Mohit Mukhi releases his second EP, ‘Midnight Lullabies’

Mohit Mukhi has just released his sophomore album ‘Midnight Lullabies’ via nrtya. After releasing his first album, Mohit decided that he wanted to work on his next one with a dedicated bunch of people he could really connect with. He found what he wanted in Rahul Wadhwani, who he’d previously met through a friend before reconnecting with again, and Heather Andrews, who had done backing vocals on his first album. Together, they created the magical listening experience that is ‘Midnight Lullabies’.


Listen to the whole album HERE.

While his first album ‘Running Shoes And A Thousand Dreams’ was light and optimistic, ‘Midnight Lullabies’ is a lot more personal and poignant. ‘Running Shoes’ had a fuller sound, but Mohit wanted to put out material that was closer to what he was doing live, and the stripped-down sound of ‘Midnight Lullabies’ was born. Mohit chalks up most of the difference to age; he’s not the same person now that he was when writing ‘Running Shoes’. His songwriting has evolved in a way – ‘Midnight Lullabies’ has a lot more complex structures. The one thing that’s remained constant is his penchant for writing narratives. He enjoys taking an incident and exploring it right down to the core, like in Lucky Man and My Heart In My Hand.

It’s all pretty impressive considering Mohit started playing the guitar only at the age of 22. His boyhood dream of filmmaking had resulted in a few short films before he gave up that idea. He wanted to be a writer one way or another, and being someone who’d always been an ardent listener of music, he decided to pick up a guitar and write his own songs. Certain lyrics had the tendency to suck him in and he wanted his listeners to experience the same thing. He describes the period of time he spent learning to play the guitar as “the most joyous time” in his life. Instead of letting his age deter him, he let it be his driving force. The fear that came with starting late made him practice 6-8 hours a day with discipline and put him in the right state of mind where he could pick things up easily. The fear followed him for another 2-3 years before he reached a realization. “The more you pay attention to it, the less you grow,” he says. “So I don’t really think about what’s going to happen.”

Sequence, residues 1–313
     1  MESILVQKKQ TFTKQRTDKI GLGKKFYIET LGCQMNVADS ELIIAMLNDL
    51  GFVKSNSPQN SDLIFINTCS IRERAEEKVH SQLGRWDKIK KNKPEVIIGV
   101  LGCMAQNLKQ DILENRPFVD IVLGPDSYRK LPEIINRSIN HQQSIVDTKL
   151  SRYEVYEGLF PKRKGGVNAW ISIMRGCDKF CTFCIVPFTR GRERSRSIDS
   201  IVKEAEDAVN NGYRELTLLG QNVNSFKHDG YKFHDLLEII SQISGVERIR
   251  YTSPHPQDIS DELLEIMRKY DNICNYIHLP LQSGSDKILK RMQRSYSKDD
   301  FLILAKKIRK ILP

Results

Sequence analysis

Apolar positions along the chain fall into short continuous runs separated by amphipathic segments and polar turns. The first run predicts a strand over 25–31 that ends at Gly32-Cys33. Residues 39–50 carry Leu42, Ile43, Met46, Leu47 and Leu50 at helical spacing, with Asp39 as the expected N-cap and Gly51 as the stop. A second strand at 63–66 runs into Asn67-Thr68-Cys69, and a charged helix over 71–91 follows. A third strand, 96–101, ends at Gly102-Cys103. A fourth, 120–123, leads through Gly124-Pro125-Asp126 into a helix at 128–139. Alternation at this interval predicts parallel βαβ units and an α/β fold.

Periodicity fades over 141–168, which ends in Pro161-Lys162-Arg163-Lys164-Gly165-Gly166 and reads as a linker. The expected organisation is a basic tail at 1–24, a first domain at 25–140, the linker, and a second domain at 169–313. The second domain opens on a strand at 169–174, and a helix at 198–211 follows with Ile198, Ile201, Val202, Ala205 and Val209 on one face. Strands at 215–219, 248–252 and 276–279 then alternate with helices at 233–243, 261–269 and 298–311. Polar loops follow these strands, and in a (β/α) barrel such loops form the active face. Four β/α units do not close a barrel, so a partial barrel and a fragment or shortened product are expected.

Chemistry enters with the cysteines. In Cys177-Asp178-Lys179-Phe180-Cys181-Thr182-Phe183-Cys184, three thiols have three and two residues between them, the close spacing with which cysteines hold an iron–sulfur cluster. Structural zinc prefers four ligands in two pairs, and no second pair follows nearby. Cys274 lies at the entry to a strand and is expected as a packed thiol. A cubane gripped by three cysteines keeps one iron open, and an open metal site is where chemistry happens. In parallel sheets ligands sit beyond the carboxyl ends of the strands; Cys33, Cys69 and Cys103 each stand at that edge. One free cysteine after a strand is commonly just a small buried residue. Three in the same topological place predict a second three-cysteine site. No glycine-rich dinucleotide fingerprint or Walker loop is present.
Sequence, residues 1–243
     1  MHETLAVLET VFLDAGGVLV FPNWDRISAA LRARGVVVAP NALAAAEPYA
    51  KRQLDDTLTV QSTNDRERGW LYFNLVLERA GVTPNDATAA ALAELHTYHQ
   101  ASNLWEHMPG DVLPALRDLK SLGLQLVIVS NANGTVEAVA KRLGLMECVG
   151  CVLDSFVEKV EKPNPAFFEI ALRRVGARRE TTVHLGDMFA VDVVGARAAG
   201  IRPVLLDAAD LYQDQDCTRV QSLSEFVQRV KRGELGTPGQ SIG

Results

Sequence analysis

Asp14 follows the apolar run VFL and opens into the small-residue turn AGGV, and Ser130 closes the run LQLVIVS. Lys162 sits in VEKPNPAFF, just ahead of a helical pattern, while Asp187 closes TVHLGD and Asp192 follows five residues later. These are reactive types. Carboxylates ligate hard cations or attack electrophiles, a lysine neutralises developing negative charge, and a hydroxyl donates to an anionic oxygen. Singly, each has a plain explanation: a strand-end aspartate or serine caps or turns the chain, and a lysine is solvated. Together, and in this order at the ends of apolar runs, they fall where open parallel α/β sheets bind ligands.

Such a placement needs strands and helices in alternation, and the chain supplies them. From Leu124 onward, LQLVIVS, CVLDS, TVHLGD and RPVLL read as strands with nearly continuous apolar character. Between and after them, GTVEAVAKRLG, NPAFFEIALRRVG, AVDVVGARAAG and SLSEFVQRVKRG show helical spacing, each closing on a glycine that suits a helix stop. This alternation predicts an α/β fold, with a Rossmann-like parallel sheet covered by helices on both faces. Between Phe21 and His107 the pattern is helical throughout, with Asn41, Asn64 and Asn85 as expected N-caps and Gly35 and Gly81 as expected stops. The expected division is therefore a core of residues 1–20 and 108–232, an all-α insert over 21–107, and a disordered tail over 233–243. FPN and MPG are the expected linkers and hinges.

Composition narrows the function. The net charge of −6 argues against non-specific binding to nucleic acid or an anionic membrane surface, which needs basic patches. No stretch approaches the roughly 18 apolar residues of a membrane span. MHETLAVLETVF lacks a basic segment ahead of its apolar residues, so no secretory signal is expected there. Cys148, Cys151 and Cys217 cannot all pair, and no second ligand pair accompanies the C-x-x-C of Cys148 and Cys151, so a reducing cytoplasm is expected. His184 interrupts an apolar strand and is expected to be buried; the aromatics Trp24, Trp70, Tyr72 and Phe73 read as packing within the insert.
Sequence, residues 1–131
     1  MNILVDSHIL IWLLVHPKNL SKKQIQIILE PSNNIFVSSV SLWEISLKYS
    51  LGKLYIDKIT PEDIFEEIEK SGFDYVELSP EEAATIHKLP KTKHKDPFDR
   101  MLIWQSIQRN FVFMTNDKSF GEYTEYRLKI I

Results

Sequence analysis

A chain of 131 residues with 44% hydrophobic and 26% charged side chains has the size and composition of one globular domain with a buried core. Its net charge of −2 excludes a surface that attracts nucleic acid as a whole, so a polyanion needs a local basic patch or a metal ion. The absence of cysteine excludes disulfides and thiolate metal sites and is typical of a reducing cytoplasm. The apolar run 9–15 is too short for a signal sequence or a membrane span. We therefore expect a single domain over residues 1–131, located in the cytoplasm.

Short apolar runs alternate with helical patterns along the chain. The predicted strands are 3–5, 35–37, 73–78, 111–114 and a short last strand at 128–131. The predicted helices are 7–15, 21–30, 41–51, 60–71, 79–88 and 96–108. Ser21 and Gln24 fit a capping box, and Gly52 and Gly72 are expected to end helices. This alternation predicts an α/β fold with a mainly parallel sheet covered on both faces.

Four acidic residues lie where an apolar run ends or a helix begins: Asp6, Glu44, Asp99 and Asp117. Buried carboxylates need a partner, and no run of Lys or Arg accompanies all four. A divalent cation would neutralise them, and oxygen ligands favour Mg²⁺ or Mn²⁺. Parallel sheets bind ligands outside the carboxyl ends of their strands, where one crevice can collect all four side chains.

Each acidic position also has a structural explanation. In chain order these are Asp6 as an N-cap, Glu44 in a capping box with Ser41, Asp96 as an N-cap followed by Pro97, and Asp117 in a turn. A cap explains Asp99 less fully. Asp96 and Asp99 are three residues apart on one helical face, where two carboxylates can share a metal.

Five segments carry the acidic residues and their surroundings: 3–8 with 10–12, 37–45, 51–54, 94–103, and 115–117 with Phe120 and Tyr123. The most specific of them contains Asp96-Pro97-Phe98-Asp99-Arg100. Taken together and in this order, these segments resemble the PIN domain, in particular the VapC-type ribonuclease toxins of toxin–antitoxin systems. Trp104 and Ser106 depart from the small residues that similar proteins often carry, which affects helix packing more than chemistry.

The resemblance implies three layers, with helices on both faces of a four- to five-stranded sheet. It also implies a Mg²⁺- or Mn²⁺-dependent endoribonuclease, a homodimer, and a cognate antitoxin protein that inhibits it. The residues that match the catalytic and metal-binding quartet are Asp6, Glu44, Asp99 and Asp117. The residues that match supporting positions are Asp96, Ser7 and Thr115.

Mohit Mukhi

image courtesy of prashin jagger

Following that, Mohit studied at the Institute of Contemporary Music Performance in London. When asked to compare the independent scene of India to a place like London, Mohit says, “India has a very young market. It’s not fair to draw a comparison between these places.” But he goes on to give us some insight. “For every venue here, there’s ten in London. There’s a huge number of musicians. We’ve to reach a point where there’s a balance between having venues for all sorts of gigs. Big loud venues, intimate gigs, they’ve all been around in London for a long time. There are 70 plus Sofar gigs in London every month as opposed to 1 here. I’m really happy with Sofar gigs, I’ve had a chance to play 4 Sofar gigs in India so far. When we expose people to settings that are really ideal for listening, and not chitter chatter and socializing, then people will possibly react to music in a certain way.”

From filmmaker to being a guitar teacher with two albums under his belt, Mohit Mukhi has come a long way. ‘Midnight Lullabies’ is mellow music perfect for both rainy nights spent in a cab and days spent frolicking in the sun. Catch Mohit live this Saturday at a house concert in Khar West, Mumbai along with Aarifah Rebello and Aditi Ramesh.

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